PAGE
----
tsantee, thanks for responding! When I referred to Media Browser, it was the iMovie Media Browser. I clicked on iMovie >> Share >> Media Browser. I then added the iMovie project file from the Toast Media Browser. Previewing from there looks great. TOAST describes the video specs as H.264, 1920x1080, 29.97 fps, and have burned with "Best" quality and Reencoding set to both "Never" and "Automatic". Still, DVD quality is poor. It is good to know that the MPEG 2 encoder isn't the issue.

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tsantee, thanks for responding! When I referred to Media Browser, it was the iMovie Media Browser. I clicked on iMovie >> Share >> Media Browser. I then added the iMovie project file from the Toast Media Browser. Previewing from there looks great. TOAST describes the video specs as H.264, 1920x1080, 29.97 fps, and have burned with "Best" quality and Reencoding set to both "Never" and "Automatic". Still, DVD quality is poor. It is good to know that the MPEG 2 encoder isn't the issue.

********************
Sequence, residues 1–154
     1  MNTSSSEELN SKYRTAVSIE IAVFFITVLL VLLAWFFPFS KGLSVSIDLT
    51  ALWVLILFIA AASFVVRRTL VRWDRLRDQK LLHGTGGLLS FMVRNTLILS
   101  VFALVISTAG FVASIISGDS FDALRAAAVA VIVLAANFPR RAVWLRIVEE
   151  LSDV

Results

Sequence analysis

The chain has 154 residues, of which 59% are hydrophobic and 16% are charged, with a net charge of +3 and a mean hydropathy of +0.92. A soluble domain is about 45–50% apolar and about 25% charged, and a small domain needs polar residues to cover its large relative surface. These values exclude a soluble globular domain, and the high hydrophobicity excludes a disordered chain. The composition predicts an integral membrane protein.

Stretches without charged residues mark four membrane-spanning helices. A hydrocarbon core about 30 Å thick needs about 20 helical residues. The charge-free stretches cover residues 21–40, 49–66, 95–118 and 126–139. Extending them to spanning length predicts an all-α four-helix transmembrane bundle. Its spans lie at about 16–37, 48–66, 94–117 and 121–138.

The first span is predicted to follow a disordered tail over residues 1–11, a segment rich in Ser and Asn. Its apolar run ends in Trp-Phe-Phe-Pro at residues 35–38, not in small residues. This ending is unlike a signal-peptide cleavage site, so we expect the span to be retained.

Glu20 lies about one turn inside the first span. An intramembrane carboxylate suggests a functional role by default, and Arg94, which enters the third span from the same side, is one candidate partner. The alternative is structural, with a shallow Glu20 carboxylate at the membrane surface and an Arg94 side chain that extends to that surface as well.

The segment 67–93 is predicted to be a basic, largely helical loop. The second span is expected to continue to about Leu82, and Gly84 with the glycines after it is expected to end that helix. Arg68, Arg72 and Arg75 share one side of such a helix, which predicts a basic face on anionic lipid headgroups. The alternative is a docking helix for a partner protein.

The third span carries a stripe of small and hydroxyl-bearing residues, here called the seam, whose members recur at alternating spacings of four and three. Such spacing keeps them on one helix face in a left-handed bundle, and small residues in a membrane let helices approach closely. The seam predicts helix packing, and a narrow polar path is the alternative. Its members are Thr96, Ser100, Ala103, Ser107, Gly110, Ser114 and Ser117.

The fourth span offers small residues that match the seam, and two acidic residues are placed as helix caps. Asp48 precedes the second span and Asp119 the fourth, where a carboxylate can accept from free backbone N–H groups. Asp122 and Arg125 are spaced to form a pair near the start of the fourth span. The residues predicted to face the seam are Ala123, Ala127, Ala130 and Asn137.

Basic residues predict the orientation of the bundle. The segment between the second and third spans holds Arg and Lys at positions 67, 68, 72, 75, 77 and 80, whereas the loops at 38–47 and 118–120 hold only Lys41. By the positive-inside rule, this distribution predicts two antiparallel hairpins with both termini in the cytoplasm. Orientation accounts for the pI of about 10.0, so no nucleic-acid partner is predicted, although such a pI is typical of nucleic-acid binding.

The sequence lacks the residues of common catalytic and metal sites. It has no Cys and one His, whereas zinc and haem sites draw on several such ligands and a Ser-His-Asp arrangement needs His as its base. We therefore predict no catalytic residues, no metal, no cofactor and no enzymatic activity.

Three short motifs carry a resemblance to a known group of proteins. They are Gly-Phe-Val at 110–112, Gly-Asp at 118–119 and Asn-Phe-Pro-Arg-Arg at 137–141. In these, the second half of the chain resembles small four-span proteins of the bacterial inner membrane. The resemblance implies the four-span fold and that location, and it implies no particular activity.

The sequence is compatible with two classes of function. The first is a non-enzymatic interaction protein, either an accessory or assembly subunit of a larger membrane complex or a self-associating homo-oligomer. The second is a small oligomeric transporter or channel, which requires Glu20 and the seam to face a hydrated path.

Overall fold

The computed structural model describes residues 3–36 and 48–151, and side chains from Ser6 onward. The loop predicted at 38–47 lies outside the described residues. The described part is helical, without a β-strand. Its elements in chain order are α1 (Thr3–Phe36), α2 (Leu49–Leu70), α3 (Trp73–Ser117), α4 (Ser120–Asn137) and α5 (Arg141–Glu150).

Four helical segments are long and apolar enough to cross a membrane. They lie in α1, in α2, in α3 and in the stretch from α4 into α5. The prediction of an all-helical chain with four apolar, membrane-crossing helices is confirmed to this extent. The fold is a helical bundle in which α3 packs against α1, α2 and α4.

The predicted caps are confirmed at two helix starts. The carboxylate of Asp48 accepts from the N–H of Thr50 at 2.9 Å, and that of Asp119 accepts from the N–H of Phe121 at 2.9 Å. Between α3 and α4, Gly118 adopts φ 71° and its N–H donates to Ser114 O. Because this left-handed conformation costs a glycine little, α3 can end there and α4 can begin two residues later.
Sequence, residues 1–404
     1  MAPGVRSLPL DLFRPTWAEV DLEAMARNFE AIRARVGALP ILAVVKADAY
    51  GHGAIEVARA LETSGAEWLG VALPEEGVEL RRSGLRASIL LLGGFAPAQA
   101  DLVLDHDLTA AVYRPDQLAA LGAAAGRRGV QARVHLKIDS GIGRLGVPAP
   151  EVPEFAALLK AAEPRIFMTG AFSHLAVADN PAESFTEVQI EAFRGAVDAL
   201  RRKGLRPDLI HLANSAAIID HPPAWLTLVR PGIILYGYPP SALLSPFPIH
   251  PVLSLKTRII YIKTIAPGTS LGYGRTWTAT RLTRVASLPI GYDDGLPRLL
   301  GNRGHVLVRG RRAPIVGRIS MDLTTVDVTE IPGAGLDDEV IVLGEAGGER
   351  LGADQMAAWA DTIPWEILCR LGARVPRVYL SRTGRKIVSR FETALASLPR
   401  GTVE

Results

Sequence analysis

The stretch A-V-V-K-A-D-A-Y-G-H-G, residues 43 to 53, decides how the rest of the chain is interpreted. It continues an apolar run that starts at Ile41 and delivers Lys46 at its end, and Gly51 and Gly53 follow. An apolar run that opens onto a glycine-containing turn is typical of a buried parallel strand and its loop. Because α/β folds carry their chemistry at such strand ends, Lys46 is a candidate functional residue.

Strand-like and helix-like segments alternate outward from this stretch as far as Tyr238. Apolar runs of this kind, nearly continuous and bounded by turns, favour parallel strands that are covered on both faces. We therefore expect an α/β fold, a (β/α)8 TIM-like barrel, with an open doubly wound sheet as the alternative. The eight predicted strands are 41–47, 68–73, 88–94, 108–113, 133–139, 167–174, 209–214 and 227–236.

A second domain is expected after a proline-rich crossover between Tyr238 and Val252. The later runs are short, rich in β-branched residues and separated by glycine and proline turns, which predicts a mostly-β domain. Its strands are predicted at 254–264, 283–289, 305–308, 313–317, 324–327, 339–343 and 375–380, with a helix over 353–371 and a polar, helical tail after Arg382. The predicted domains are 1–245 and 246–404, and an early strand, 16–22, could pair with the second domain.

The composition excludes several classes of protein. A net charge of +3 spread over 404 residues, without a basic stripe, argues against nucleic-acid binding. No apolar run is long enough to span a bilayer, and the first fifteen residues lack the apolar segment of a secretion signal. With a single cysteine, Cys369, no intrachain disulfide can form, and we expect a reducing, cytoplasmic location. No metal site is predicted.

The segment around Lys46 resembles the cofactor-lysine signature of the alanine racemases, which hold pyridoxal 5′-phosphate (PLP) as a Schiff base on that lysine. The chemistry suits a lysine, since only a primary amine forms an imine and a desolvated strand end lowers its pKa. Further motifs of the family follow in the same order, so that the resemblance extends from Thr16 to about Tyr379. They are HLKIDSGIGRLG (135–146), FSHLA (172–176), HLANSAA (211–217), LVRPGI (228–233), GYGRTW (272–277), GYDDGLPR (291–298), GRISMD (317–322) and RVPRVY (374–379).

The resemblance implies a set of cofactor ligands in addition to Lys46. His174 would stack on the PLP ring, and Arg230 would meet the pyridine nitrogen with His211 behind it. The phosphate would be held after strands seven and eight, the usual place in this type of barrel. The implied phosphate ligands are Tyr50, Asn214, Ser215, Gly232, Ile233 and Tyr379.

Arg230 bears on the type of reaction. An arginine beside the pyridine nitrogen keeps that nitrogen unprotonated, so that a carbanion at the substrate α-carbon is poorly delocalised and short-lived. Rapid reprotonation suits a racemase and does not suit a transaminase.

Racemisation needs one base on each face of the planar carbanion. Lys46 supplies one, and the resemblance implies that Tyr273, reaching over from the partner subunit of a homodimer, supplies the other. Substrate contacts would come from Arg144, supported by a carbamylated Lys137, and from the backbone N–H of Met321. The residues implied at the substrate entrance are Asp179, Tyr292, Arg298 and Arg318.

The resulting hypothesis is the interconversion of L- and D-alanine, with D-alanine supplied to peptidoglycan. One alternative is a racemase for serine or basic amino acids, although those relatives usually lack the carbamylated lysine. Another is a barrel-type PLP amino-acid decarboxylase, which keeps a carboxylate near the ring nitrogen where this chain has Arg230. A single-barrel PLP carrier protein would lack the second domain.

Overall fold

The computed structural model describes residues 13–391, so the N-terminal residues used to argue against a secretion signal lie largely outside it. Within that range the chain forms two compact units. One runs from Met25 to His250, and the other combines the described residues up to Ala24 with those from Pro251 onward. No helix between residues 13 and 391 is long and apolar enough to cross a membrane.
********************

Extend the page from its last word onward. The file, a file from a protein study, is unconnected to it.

It looks to me that you did everything right and that video should look really good.

 

When viewing the video on the Mac be sure to evaluate its quality at actual (or normal) size. On a HDTV it should look reasonably comparable to any most standard-definition video DVDs. Since it is only an hour in length you can go to the custom encoder settings window and set the average and maximum bit rates to higher settings. I'd choose 7 mbps as the average and 8.5 mbps as the maximum. Also turn on Half-Pel (which improves quality with action scenes). But this means you need to go through the entire re-encoding again which is really slow from a HD source. You might want to do some testing with a 5-minute (or shorter) clip of the video. You can edit a segment to include using Toast's editor. Then choose Save as Disc Image. Mount the saved disc image file (an easy way to do this is control-click on it in the Finder and choose Mount It from the Contextual Menu) and view it with DVD Player.